Seems legit. Old action, new shorter barrel and a more powerful smokeless round, why would you not change the sights?

That’s what I thought; from their perspective it was 40 years ago when they were pacing toward the enemy in foppish uniforms with a five foot long rifle complete with a sword bayonet mounted on it. Now they were fielding something shorter and more powerful. Paces be gone! We need meters dammit!

Again, we go back to or arms engineers sleeping on fire watch.

When we picked up a Steyr M95 for the first time, there was a note on the side about how the rifle was hitting two feet high at 100 yards. It sounded like we had a shooter who was off to one end on some kind of spectrum so we took the Pepsi challenge and sure as hell, he was right.

Then we looked at the rear sight and shook our head thinking of the legacy of those early 20th century engineers whose descendants would produce the Glock, Steyr AUG, HK P7M8 and a plethora of Teutonic goodness.

The sight’s lowest setting is 600 meters and goes up. Not exactly something a Jerry should have been toting in either of the World Wars if they wanted a tactical advantage, if you ask me. But they didn’t, so there’s that.

Mannlicher M1895 sights flipped up for use.

At one point they changed the Steyr M1895’s sights from paces to meters – unfortunately.

In our estimation the sights are kind of on the small size for long range, too. I guess they were preoccupied with new strains of mustard gas and rocketry experiments to really notice.

Still, we use our M95 to ring the same steel we do with our M1A and open sights. It’s not nearly as accurate, kicks like two rented mules, but damnit, we hit about eight times out of ten.

A Steyr M95 rifle displayed on a grey rock background.

The M1895 doesn’t kick like a mule. It kicks like two mules.

You can find a more in-depth review on the Steyr M95 in a couple past issues of Legendary Arms, published by Inside Military Surplus. Check it out if you have some time.

The Mannlicher M1895s do represent a unique footnote in small arms development, especially in the realm of what not to do with sights.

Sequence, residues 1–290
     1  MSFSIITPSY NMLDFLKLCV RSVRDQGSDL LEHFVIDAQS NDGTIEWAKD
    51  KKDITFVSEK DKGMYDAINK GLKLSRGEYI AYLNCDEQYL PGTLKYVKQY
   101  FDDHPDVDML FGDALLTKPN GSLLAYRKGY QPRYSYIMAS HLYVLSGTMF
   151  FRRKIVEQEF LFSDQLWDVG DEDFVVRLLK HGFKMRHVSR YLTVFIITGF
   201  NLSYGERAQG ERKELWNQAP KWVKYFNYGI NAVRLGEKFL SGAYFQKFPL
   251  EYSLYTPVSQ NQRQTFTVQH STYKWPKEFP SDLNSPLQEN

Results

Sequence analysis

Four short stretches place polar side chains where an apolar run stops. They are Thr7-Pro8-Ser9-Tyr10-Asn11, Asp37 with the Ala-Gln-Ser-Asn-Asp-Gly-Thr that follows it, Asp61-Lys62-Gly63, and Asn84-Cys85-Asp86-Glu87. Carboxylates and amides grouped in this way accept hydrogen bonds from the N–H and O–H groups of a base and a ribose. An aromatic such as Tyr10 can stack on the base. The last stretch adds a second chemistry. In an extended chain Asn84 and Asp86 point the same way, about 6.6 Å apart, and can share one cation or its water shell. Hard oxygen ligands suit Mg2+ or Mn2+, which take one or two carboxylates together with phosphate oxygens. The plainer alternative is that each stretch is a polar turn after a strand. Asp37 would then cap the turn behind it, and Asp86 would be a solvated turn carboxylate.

-Mike

Addendum(s). 

Of the many versions of M1895 rifles that saw combat, one of the more unusual was a conversion to semi-auto (yes, semi-auto).

Another is a sniper model carbine.

Looking to know more? Go balls-deep with C&R Arsenal (see below). You can also find it on the Internet Movie Firearms Data Base IMFDB Mannlicher M1895 rifle page.

 

 

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11 Comments

  1. Kenny

    One thing I hope someone can elaborate for me. I’m dutch and before the 2nd world war the Mannlicher M95 was our service rifle. But it was a normal bolt action rifle and not a straight pull. Are there 2 different guns from the same manufacturer with the same name or am I missing something?

    Reply
    • Ed Jones

      The Dutch rifle was a turn-bolt Mannlicher. It had the same Mannlicher clip system, but not the straight-pull bolt. Romania had a similar design.

      Reply
    • Chris.

      The Dutch initially commissioned their rifles from Steyr Mannlicher in 1895, which were turn bolts as per their request. Then before the out break of WWI in 1904, the Dutch fully took over production and produced the same gun in the smaller caliber of 6.5x53R instead of the more powerful and original 8x50R cartridge. What the Dutch gun really is, is a hybrid of a M95 and the 1888 ‘split receiver’ Mauser, with the magazine of the M95 essentially being welded to the receiver of an 1888 receiver.

      Reply
  2. Domenik

    Hello Mike, Thank you for the article on the M 95. I have a question, how difficult are the M 95 to re-barrel.
    Thank you,
    Domenik

    Reply
  3. Sean

    600 M battle sights? umm Our M1903 Springfields battle sight was 547 Yds adjustable up to 2,800 yds. And the button to send a clip sailing? M1 Garand clip latch does the same thing IF you ever handled one.

    My unit in Baghdad captured a M95 in 7.92 Mauser with a full length Sound suppressor replacing the barrel fitted with a scope base

    Reply
  4. jonathan nichols

    Like a previous comment on the ladder sight standing up move the slider up and you will find a 300 meter notch. The ladder flipped down is 500 meters.